Sunday, January 20, 2019
Book Review: 'The Know-It-Alls' by Noam Cohen
Why we need artificial intelligence
So Silicon Valley moguls are essentially all privileged white male superegos, living the life of racism, sexism and ageism, and of course, obscene wealth. This is not news, but Noam Cohen has put together an alternate history of the computer era, bent at this angle. It makes for uncomfortable reading, meaning, it’s effective.
The main locus is Stanford University, which turned itself into an industry-promoting school in the 1930s as a way of differentiating itself. It began with Hewlett-Packard, which paid off big for the university, and it has never looked back. Venture capitalists prowl the campus, hiring students, handing out checks for ideas and helping with business plans for a large piece of the action. Students quit early to go into well-funded startups. The school takes only the highest scorers, because that’s all that matters. Interviews are based on intelligence quizzes and games, not personalities or values. And the old boys’ network means once you’re in, the offers keep coming. For life. (Everyone else is over the hill by age 32).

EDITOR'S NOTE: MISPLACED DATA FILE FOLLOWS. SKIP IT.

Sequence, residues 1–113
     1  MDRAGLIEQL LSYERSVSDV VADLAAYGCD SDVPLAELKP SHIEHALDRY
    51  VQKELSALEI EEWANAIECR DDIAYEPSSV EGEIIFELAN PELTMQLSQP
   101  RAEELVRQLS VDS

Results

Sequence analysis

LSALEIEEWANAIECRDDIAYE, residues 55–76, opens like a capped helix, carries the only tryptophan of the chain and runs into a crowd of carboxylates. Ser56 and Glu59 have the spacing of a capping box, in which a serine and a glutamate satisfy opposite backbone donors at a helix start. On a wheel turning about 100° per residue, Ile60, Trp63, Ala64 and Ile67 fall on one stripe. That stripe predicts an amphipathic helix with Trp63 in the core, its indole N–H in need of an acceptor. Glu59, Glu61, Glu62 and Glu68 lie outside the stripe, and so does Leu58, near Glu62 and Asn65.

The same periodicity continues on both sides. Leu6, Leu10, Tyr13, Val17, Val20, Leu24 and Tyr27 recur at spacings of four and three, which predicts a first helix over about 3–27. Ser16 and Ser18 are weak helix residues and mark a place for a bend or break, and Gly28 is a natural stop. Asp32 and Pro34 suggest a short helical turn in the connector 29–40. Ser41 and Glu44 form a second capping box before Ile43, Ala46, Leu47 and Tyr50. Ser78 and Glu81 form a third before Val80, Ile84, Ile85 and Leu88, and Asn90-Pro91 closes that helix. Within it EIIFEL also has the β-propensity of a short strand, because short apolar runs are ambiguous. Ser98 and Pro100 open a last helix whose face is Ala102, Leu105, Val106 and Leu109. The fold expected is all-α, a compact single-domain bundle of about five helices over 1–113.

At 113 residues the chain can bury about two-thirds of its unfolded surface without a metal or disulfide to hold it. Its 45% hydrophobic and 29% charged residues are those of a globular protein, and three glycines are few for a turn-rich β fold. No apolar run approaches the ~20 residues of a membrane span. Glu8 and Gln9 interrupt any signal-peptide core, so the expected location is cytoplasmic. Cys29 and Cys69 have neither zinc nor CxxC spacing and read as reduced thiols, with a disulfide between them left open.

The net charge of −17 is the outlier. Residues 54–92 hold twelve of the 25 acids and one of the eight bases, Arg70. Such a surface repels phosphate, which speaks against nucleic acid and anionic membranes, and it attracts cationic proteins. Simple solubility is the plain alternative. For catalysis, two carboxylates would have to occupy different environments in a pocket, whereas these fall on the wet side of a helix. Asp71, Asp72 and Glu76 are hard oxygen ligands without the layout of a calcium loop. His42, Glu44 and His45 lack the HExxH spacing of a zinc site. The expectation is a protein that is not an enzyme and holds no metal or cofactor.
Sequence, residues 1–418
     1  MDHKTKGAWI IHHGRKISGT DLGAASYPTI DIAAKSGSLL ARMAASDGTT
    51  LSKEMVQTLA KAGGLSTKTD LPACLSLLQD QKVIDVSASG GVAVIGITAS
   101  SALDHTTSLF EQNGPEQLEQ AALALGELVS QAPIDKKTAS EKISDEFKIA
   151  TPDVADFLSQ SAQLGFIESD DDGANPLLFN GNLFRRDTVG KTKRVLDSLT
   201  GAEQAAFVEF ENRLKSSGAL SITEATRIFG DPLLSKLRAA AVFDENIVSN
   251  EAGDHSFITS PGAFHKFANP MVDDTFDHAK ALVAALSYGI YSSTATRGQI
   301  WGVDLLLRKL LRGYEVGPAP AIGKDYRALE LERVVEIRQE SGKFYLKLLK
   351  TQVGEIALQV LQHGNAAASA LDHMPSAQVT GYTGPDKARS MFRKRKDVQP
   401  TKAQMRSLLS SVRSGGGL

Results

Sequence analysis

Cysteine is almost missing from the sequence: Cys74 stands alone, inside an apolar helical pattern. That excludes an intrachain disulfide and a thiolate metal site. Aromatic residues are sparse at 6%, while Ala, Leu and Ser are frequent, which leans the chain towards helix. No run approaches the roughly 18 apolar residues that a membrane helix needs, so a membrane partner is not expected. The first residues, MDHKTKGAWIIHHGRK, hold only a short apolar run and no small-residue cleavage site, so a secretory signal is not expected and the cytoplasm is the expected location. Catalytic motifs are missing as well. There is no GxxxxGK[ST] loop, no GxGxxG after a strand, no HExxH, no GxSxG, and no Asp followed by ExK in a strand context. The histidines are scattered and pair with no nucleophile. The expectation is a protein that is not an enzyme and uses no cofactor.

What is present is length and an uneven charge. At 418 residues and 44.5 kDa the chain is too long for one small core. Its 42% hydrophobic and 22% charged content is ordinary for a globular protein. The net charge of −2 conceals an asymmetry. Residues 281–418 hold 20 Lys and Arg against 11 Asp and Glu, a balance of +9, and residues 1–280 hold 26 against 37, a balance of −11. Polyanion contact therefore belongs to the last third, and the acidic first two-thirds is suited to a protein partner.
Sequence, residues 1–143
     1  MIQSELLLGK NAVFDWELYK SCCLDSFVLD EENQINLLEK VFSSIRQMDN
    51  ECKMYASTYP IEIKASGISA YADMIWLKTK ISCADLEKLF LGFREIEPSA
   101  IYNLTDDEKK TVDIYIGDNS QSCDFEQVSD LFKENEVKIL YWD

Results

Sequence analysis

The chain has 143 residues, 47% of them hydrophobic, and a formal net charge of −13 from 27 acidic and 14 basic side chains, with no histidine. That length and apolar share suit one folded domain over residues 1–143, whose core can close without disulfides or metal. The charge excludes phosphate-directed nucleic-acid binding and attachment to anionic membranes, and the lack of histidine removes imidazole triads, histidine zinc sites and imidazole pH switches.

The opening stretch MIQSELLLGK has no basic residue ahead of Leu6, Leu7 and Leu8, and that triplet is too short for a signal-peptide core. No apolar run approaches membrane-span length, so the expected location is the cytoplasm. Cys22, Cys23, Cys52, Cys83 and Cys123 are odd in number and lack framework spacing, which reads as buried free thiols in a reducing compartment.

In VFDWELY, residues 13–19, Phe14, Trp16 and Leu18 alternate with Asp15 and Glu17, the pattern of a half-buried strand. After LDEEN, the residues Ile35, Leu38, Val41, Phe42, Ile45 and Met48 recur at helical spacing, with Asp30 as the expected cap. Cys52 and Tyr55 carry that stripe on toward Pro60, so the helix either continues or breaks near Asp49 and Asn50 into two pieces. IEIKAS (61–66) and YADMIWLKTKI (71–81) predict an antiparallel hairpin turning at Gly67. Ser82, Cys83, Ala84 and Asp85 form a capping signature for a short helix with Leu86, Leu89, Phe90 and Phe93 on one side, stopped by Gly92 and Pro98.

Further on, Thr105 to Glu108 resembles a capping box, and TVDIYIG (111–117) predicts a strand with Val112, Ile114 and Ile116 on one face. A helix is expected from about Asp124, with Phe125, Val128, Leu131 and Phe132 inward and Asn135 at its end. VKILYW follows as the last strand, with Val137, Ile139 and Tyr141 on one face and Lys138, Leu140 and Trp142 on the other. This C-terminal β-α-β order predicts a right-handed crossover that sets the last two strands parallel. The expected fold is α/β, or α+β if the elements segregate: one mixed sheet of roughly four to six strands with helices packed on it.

The chapters are biographies, showing the growth of greed and power and arrogance of each person. A couple of them are really quite revolting, but probably no more so than in any group of people. What Cohen posits they have in common is that their money and power make them know-it-alls, with outsized influence and voices. They try to make up for it with ill-conceived plans like Zuckerberg’s misguided donation to education in Newark, or Gates’ donations to eradicate polio – at the expense of progress against anything else. They see themselves at the front of the line because of their money, so what they say goes.
Then they can spout crackpot concepts like you are your own startup of one, and the poor will be uplifted if only they had access to facebook, and India was better off as a British colony. They fling their wisdom without concern, because their success makes them right. It is not a pleasant scenario.
Cohen thinks people should be uplifted by people, by actual contact and relations, and that government’s purpose is to facilitate, promote and enable such qualities of life. The moguls often felt the same way - until the first check came in.
Editor's note: This review has been published with the permission of David Wineberg. Like what you read? Subscribe to the SFRB's free daily email notice so you can be up-to-date on our latest articles. Scroll up this page to the sign-up field on your right.